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With regard to His death and resurrection, Jesus stated (the Gospel of John):

John 10:18, NASB: "No one has taken [My life] away from Me, but I lay it down on My own initiative. I have authority to lay it down, and I have authority to take it up again. This commandment I received from My Father."

How might we reconcile this with:

Acts 2:24: "But God raised Him up again, putting an end to the agony of death, since it was impossible for Him to be held in its power."

Since Jesus does appear to have "laid His life down on [His] Own initiative," it would seem that He chose when and how to terminate His Own life. Is that how we should understand this? And, just Who raised Him from death, He or the Father? (Perhaps both?)

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    Xeno; Jesus did not have the power to resurrect himself. The scriptures say that God alone raised him. Acts 5:30 NASB 30 The God of our fathers raised up Jesus, whom you put to death by hanging Him on [a]a cross. Rom. 10:9 9 NASB "that if you confess with your mouth Jesus as Lord, and believe in your heart that God raised Him from the dead, you will be saved;" Aug 21, 2021 at 5:50
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    @Ozzie I have to wonder. Indeed, God raised Him, however, perhaps we should reflect on Christ's spiritual Being as God. We read in 2 Cor. 4:16: "[Though] our outer man is decaying [and will die], yet our inner man [spirit] is being renewed day by day." Jesus' spirit was far superior -- more than we might ever imagine. Once spiritually united with the Father, surely He (Christ) would have the power and authority to raise His human form? The eternal Word stepped into the baby Jesus (Heb. 10:5). Who can forget the power of Christ at the Transfiguration? Just some additional thoughts.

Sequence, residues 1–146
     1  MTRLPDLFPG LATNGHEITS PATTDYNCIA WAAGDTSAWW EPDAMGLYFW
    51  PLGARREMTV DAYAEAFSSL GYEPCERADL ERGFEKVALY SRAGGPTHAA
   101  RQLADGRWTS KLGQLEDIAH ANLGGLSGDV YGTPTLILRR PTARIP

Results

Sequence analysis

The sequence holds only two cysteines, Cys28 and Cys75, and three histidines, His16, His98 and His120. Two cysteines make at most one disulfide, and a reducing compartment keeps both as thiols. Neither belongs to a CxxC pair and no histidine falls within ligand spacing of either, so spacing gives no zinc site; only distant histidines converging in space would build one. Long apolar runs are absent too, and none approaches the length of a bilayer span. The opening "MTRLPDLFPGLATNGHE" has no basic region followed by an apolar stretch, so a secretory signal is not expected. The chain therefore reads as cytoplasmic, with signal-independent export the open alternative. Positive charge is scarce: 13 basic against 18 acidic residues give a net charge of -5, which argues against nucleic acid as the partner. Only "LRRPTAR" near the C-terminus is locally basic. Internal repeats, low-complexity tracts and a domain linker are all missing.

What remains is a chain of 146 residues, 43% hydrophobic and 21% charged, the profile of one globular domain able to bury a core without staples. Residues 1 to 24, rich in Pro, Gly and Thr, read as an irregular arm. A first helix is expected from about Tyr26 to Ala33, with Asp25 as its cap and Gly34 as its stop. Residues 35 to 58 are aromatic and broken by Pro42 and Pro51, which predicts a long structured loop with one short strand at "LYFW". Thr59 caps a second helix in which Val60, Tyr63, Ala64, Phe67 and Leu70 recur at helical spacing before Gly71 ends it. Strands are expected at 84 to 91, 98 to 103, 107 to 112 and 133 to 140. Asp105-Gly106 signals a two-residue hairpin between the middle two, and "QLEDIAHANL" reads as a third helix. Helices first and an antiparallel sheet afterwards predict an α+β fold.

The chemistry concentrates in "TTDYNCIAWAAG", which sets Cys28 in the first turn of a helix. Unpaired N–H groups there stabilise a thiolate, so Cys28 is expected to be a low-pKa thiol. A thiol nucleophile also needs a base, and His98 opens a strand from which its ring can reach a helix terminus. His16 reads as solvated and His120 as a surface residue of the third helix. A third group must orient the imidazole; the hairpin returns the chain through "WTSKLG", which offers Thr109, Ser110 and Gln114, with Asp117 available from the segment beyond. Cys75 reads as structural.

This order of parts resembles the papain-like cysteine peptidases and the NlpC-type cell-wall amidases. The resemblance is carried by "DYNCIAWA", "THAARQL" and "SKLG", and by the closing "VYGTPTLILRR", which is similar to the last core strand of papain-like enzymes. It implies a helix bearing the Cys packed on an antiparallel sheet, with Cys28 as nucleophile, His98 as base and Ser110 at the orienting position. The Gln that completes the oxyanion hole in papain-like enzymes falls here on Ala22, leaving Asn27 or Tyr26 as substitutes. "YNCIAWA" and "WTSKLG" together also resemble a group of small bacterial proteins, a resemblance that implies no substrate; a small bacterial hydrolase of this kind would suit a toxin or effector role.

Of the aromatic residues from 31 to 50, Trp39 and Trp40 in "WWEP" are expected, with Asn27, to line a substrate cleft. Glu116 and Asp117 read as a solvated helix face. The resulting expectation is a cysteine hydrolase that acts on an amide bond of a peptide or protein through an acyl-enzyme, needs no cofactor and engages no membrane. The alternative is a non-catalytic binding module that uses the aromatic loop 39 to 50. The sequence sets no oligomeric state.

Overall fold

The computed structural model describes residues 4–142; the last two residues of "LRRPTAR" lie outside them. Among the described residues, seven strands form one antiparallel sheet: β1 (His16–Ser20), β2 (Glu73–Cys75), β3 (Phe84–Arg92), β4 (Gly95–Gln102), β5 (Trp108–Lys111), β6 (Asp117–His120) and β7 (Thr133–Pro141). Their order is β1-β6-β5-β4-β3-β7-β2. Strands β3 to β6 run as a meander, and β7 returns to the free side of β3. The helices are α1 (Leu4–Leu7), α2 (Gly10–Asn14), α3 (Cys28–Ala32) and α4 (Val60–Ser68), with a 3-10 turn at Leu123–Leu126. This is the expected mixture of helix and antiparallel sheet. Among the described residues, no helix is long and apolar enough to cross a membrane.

– Xeno
    Aug 21, 2021 at 6:40
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    The trouble with the logic of Jesus raising himself is that either, 1- he didn't fully die, or 2 - there is some other God the Son who is immortal and cannot die, and is never mentioned anywhere! Either rendering the, "God gave His only son' a complete sham and a total charade! If Jesus gave his spirit to the Father at death, with what did he raise himself?
    – Steve
    Aug 21, 2021 at 8:20
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    I have authority to lay it down, and I have authority to take it up again. - That authority comes from the Father (Matthew 28:18, John 17:1-2).